Rigorous and humble, admiring and dismissive—a clear and accessible introduction to philosophy’s first superstar.



Plato’s most influential text gets a going-over in the latest addition to Atlantic’s Books That Changed the World series.

Blackburn (Philosophy/Cambridge; Lust, 2004, etc.) summarizes the Greek philosopher’s principal arguments and considers their contemporary relevance. He begins by undercutting Alfred North Whitehead’s famous statement that all European philosophy is a series of footnotes to Plato, then moves to clarify the distinction between the “worldly” Aristotelian view and the “other-worldly” Platonic value system. These and other introductory matters (including some historical background) out of the way, the author launches into his exegesis, examining closely Plato’s views on might and right, on ruling elites, reason and passion, knowledge and belief. After a chapter on Republic’s best-known portion, the Myth of the Cave, Blackburn devotes his most compelling and significant pages to examining how three traditions have employed this famous allegory. Christians folded its ideas into their own theology and expelled Plato. Poets like Wordsworth and Shelley saw the allegory’s enormous metaphorical and spiritual richness. Mathematicians and scientists were perhaps those whom Plato had in mind all along, for Blackburn notes that they alone understand “the unchanging within the changing” that lies at the heart of the parable. The author reluctantly leaves the cave and looks at Plato’s “descending staircase” of political systems, with the philosopher-kings occupying the summit and absolute dictators lurking in the pits. Here and throughout Blackburn is forthright about his own political views. He repeatedly bashes Bush, Blair and neo-conservatives; he grieves that we are in the grip of a new oligarchy of the wealthy, who control the media and thus the ballot box. His final chapters deal with Plato’s silly dismissal of painters and poets and with the “charming, and poetic” Farewell Myth of Er.

Rigorous and humble, admiring and dismissive—a clear and accessible introduction to philosophy’s first superstar.

Pub Date: July 1, 2007

ISBN: 0-87113-957-X

Page Count: 192

Publisher: Atlantic Monthly

Review Posted Online: May 20, 2010

Kirkus Reviews Issue: March 15, 2007

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This a book of earlier, philosophical essays concerned with the essential "absurdity" of life and the concept that- to overcome the strong tendency to suicide in every thoughtful man-one must accept life on its own terms with its values of revolt, liberty and passion. A dreary thesis- derived from and distorting the beliefs of the founders of existentialism, Jaspers, Heldegger and Kierkegaard, etc., the point of view seems peculiarly outmoded. It is based on the experience of war and the resistance, liberally laced with Andre Gide's excessive intellectualism. The younger existentialists such as Sartre and Camus, with their gift for the terse novel or intense drama, seem to have omitted from their philosophy all the deep religiosity which permeates the work of the great existentialist thinkers. This contributes to a basic lack of vitality in themselves, in these essays, and ten years after the war Camus seems unaware that the life force has healed old wounds... Largely for avant garde aesthetes and his special coterie.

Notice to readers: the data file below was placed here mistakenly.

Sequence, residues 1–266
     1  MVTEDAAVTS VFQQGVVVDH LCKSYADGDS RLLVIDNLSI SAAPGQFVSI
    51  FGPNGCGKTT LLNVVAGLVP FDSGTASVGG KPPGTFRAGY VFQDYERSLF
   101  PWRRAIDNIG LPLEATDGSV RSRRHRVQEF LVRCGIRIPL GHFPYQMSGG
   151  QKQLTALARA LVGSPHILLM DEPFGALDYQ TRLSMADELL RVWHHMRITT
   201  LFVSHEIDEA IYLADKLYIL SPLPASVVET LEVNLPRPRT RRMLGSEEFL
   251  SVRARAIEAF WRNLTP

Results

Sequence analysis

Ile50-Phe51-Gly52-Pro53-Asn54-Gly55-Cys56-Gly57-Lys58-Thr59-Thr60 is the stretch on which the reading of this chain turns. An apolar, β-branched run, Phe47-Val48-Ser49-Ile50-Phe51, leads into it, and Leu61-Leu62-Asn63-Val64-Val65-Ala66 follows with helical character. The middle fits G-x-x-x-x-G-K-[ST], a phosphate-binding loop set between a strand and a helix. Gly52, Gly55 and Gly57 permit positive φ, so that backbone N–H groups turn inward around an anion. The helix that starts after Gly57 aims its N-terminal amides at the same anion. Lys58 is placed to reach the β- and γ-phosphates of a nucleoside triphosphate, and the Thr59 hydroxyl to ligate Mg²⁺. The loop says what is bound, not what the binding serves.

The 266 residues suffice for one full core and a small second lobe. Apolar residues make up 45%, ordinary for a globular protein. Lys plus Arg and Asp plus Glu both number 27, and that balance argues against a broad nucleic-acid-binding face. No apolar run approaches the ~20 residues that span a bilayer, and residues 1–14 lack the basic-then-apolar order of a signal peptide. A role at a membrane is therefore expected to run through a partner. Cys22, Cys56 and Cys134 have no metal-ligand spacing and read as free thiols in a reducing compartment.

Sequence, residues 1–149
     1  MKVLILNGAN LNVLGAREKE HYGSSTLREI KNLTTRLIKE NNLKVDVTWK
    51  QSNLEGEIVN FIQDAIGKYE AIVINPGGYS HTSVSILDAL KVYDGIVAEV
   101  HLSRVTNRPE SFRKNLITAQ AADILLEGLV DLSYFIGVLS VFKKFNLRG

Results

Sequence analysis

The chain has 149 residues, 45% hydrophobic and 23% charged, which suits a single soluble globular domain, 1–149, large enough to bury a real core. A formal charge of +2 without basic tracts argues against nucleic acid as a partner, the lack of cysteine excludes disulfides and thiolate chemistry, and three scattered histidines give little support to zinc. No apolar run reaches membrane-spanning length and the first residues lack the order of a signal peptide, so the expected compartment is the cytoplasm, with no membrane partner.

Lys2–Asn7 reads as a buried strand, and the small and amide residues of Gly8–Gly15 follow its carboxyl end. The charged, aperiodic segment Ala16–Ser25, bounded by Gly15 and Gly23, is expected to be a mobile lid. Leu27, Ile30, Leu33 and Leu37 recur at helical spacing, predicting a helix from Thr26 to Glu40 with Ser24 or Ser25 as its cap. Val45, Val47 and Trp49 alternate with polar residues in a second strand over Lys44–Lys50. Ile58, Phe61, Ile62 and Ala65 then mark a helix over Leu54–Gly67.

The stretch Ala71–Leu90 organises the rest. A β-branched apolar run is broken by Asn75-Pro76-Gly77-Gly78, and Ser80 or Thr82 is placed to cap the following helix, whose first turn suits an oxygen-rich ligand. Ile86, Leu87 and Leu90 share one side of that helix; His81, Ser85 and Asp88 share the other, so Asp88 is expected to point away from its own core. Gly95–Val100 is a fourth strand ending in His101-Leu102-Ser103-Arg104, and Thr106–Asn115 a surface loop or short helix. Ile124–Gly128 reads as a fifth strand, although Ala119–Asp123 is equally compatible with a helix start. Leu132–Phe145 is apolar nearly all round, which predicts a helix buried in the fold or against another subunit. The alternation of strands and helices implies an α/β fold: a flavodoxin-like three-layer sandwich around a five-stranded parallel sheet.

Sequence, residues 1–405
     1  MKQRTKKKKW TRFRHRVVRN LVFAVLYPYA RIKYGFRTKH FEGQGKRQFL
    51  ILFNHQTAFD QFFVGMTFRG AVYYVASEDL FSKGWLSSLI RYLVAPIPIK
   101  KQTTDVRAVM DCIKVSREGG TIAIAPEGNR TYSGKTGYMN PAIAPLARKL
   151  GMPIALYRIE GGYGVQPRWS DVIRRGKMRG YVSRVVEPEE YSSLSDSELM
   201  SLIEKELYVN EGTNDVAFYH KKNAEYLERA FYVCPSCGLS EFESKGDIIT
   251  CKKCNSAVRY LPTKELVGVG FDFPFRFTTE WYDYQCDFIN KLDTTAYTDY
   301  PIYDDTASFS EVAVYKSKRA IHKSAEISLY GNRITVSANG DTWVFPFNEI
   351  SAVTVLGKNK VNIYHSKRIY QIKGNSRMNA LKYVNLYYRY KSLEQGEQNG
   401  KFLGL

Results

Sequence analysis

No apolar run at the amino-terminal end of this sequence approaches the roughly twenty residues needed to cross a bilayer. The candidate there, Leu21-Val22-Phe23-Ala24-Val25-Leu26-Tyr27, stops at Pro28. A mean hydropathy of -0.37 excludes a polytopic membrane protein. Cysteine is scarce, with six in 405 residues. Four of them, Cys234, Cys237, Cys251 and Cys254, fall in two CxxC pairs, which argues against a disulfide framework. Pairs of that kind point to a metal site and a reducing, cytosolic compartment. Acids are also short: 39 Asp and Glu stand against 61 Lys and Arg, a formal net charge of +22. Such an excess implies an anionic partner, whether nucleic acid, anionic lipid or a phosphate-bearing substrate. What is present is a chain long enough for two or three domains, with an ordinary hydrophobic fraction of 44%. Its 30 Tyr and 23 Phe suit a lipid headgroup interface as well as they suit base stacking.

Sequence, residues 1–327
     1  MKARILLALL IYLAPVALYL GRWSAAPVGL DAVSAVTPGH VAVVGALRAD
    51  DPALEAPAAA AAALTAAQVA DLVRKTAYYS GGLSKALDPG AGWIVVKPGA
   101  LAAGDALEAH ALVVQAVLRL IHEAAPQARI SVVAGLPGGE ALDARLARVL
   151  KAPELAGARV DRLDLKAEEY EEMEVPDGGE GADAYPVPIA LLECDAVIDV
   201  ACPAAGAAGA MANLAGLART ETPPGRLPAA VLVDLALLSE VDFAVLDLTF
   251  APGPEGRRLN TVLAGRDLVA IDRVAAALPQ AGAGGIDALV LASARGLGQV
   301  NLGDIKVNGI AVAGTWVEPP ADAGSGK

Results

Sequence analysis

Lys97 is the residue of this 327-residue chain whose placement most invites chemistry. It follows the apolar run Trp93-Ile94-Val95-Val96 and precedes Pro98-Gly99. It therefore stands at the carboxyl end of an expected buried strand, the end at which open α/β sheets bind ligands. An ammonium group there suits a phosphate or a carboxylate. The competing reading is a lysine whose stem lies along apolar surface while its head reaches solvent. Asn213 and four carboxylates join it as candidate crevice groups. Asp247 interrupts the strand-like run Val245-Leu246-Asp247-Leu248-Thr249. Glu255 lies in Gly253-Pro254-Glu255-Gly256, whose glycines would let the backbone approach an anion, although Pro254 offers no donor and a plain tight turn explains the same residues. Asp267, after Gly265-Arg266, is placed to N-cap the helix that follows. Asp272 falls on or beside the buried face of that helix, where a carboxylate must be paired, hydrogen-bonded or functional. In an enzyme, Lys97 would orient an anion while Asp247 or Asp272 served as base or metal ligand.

Pub Date: Sept. 26, 1955

ISBN: 0679733736

Page Count: 228

Publisher: Knopf

Review Posted Online: Sept. 19, 2011

Kirkus Reviews Issue: Sept. 1, 1955

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The author’s sincere sermon—at times analytical, at times hortatory—remains a hopeful one.


New York Times columnist Brooks (The Social Animal: The Hidden Sources of Love, Character and Achievement, 2011, etc.) returns with another volume that walks the thin line between self-help and cultural criticism.

Sandwiched between his introduction and conclusion are eight chapters that profile exemplars (Samuel Johnson and Michel de Montaigne are textual roommates) whose lives can, in Brooks’ view, show us the light. Given the author’s conservative bent in his column, readers may be surprised to discover that his cast includes some notable leftists, including Frances Perkins, Dorothy Day, and A. Philip Randolph. (Also included are Gens. Eisenhower and Marshall, Augustine, and George Eliot.) Throughout the book, Brooks’ pattern is fairly consistent: he sketches each individual’s life, highlighting struggles won and weaknesses overcome (or not), and extracts lessons for the rest of us. In general, he celebrates hard work, humility, self-effacement, and devotion to a true vocation. Early in his text, he adapts the “Adam I and Adam II” construction from the work of Rabbi Joseph Soloveitchik, Adam I being the more external, career-driven human, Adam II the one who “wants to have a serene inner character.” At times, this veers near the Devil Bugs Bunny and Angel Bugs that sit on the cartoon character’s shoulders at critical moments. Brooks liberally seasons the narrative with many allusions to history, philosophy, and literature. Viktor Frankl, Edgar Allan Poe, Paul Tillich, William and Henry James, Matthew Arnold, Virginia Woolf—these are but a few who pop up. Although Brooks goes after the selfie generation, he does so in a fairly nuanced way, noting that it was really the World War II Greatest Generation who started the ball rolling. He is careful to emphasize that no one—even those he profiles—is anywhere near flawless.

The author’s sincere sermon—at times analytical, at times hortatory—remains a hopeful one.

Pub Date: April 21, 2015

ISBN: 978-0-8129-9325-7

Page Count: 320

Publisher: Random House

Review Posted Online: Feb. 16, 2015

Kirkus Reviews Issue: March 1, 2015

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